I also made popcorn.  Unfortunately, my sewing machine broke again so my great-nieces didn't get bags when I sent them the leftovers. 
Chicken leg, mashed potatoes, and carrots.

Donuts!  B's favorite is the blue one!

Tacos anyone?

A hot beverage and cinnamon rolls!

Cheeseburger and gold fish!

Sushi and fortune cookies.

Salad and watermelon.

Bread, pasta, and tea bags! 

Linguini and clams.

Saturday, January 11, 2014

Heritage Food: Kuchen

 Having recently fallen in love with the smell of dough rising and the feel on my hands, it's about time I made kuchen myself, especially since I'm trying to introduce what I call heritage foods to my son. 

Never heard of kuchen?  Most Kansans aren't familiar with it, either.  It's supposedly a German coffeecake and consists of a doughy crust made with yeast, filling of either fruit or cheese, and a sweet custard on top.  My mom would make it for Christmas, Easter, and many times in between.  I remember her even buying frozen bread dough and cutting out some of the sugar to make it healthier. 

Making the custard with Rum Babas in the background.
This is rhubarb.  Please excuse me not color-correcting this. 
I used the recipe for the dough and custard that was in my sister's married family's cookbook.  This makes six or more crusts.  Since the intent of this post is mostly to share what I ate growing up, I'm not going to write out a step-by-step process on how to make it.  Luckily, I had some rhubarb in the freezer and used the Streeter Centennial Cookbook to make that filling.  It consists of 3 cups cut-up rhubarb, 1-1/2 cups sugar, 2 tablespoons cornstarch, 1/3 cup cold water, and 1 tablespoon of vanilla.  The rhubarb filling went on two of the crusts, and I used blueberry pie filling for two others.  The last two pies were made with a cottage cheese filling.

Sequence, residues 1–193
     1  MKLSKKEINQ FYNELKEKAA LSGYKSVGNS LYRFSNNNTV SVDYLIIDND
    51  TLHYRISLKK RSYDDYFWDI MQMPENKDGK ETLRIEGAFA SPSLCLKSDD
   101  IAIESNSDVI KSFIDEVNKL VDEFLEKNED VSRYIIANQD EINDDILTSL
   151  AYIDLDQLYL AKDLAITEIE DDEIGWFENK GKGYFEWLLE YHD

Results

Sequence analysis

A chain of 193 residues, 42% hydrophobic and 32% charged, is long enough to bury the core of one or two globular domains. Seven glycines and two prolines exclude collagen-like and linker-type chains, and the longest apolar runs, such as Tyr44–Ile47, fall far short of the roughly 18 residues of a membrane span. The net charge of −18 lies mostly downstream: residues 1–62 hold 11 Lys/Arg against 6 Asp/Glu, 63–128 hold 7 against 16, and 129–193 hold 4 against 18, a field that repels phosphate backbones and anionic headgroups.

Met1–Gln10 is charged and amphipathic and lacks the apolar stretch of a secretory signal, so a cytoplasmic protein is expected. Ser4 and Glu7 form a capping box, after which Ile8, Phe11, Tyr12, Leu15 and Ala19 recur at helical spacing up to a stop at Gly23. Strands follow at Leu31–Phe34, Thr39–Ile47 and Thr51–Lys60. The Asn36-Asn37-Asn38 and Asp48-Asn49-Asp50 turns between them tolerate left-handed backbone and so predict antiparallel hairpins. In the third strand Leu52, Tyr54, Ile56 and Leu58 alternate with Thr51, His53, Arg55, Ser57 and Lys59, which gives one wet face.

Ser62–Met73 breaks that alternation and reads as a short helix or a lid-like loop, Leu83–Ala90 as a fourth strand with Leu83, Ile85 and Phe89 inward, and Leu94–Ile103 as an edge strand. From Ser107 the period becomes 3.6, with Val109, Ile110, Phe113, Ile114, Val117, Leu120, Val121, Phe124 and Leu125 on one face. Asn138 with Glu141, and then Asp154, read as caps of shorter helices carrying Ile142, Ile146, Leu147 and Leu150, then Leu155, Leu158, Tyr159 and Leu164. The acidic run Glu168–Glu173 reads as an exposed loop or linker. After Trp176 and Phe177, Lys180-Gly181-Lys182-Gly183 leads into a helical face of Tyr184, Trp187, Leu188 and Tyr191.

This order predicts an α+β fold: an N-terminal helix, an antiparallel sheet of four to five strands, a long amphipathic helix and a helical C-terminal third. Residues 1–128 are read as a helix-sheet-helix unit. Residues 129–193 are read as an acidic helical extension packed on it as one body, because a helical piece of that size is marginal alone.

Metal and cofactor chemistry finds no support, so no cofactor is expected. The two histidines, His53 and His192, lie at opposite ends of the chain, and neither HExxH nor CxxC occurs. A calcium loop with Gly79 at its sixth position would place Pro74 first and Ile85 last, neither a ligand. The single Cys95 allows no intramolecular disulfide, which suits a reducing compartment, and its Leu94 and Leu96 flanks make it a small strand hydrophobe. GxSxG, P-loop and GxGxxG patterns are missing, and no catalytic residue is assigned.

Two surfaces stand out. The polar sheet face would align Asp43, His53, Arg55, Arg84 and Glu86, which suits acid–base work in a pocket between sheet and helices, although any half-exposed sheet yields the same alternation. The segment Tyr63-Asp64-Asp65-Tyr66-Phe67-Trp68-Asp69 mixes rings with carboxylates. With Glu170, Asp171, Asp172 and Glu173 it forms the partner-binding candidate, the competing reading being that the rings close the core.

1/2 c. warm water.                          2 tsp. salt
2   packages yeast                           2 eggs
1-1/2 c. lukewarm water                 1/2 c. shortening (I use butter)
1/2 c. sugar (or honey)                    7-8 c. flour

1 c. cream
1/2 c. sugar
2 eggs, slightly beaten

Put in saucepan until thickened.  Add cinnamon.

In case you wondered if my son liked it, the answer is no.  He's 2 years old.  It has more than two ingredients touching each other. 

Saturday, December 14, 2013

Out of the kiln

Who's thirsty?

Glaze dud, but it still holds water.
Thanks to Melanie for the stamp!!!

Who's thirsty?

Who's hungry?
Trying to decide if I want to try to sell just a little to help buy clay.  What do you think?

Tuesday, December 10, 2013

Heritage Food: Zwieback

My husband's grandma was Mennonite, and since I enjoy baking bread I thought I'd try to make these for Thanksgiving. I've seen them spelled as Zweibach, too. Here are the recipes his aunt gave me that were from his mom's mom.

Ran out of time to take a picture of the finished product. Please use your imagination for what they would look like when baked. Please don't use your imagination to associate them with a certain part of the female anatomy.

Saturday, November 23, 2013

More owls and vertigo

I'm jumping on the owl-loving bandwagon!  I'm even making felt ones.  Was thinking of giving them away for Christmas ornaments, but that just be too rambunctious this year. 

One of these was shipped to Seattle for a friend's husband!